Lloyd Loom elves









































This is a project that grew out of 'Bodging Milano'. After the successful exhibition of the 'bodged' (ie handmade greenwood) chairs in 2010, some of us in the group continued to meet up for impromptu making sessions.
Although we were no longer in the woods, we had somehow retained the ‘bodge’ way of thinking. The risky craft approach and the three-dimensional ‘sketches’ produced by quick experimentation, seemed now to be a good way of working. After a fruitful three-day workshop at Sitting Firm Chairmakers, we decided to find other manufacturers who would allow us to work in their factory whilst the main workforce was away, and see what came of it.

William Warren knew someone at Lloyd Loom and before long he’d got an invitation from their directors for five of us to go up to their factory in Spalding and spend three days with them. We called the project The Elves and the Chairmakers after the children's story in which some cheeky elves sneak into a cobbler’s workshop when he’s not there, and produce new designs. The Lloyd Loom process is fascinating - all the 'weave' is produced in Spalding by wrapping Kraft paper around thin wire, and weaving this on giant industrial looms to form their characteristic chair covering.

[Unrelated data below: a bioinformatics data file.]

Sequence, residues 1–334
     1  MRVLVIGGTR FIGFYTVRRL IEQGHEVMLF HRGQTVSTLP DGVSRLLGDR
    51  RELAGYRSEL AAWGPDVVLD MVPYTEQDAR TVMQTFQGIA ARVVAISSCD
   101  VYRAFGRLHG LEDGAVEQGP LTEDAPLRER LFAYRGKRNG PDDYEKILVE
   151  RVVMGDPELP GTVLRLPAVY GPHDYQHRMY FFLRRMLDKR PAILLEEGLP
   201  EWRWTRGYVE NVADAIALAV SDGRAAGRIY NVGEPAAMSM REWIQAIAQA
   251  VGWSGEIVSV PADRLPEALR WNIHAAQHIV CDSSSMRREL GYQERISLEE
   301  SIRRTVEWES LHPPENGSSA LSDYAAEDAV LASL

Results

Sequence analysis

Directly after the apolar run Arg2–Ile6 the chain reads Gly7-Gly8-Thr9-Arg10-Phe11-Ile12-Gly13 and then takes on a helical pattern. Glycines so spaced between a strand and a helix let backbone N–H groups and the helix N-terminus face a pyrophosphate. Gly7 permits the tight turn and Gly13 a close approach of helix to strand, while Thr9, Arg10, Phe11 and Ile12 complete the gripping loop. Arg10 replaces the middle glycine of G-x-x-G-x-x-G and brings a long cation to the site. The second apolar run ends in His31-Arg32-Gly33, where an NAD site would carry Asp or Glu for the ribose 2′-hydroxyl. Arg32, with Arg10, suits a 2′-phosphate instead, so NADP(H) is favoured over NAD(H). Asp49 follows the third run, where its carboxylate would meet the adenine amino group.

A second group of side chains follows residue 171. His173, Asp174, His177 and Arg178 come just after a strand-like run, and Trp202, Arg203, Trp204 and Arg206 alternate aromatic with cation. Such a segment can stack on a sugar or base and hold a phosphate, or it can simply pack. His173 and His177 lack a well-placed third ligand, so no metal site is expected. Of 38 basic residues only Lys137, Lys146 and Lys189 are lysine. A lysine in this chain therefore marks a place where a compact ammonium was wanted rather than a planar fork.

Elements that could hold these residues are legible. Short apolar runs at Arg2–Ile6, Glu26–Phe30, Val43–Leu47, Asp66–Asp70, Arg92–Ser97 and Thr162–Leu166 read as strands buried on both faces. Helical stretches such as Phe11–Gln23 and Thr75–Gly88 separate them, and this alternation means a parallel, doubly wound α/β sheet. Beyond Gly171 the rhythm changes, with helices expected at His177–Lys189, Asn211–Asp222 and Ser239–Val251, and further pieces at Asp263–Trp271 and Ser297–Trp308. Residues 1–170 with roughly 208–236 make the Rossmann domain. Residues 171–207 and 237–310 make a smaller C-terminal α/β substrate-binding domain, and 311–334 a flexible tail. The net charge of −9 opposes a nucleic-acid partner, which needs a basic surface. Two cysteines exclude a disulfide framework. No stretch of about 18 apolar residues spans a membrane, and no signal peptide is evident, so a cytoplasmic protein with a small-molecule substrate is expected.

We 'elves' made a variety of beech frames from standard and modified components, and a couple of Lloyd Loom craftsmen helped us put on the weave. In three days we had produced thirteen new chairs. Lloyd Loom were pleased with the results and exceeded our expectations by deciding to take one design from each of us for further development. They plan to launch three or more of these in 2013 as additions to their range. Our ex tempore performance was working - we had successfully short-circuited the normally long and tedious briefing, design, and negotiation processes associated with designing for industry.





















My design is shown here. It's much in the style of Lloyd Loom but the back rail has a parabolic curve, the weave is put on the inside to expose the beech frame, and unlike other LL chairs - the frame rails are bowed.


The other elves are : Amos Marchant, Carl Clerkin, Gareth Neal, and William Warren.




In 2014 the John Lewis Partnership selected my Spalding chair as one of a small group of classic chairs to be produced in special finishes for their 150th Anniversary celebrations.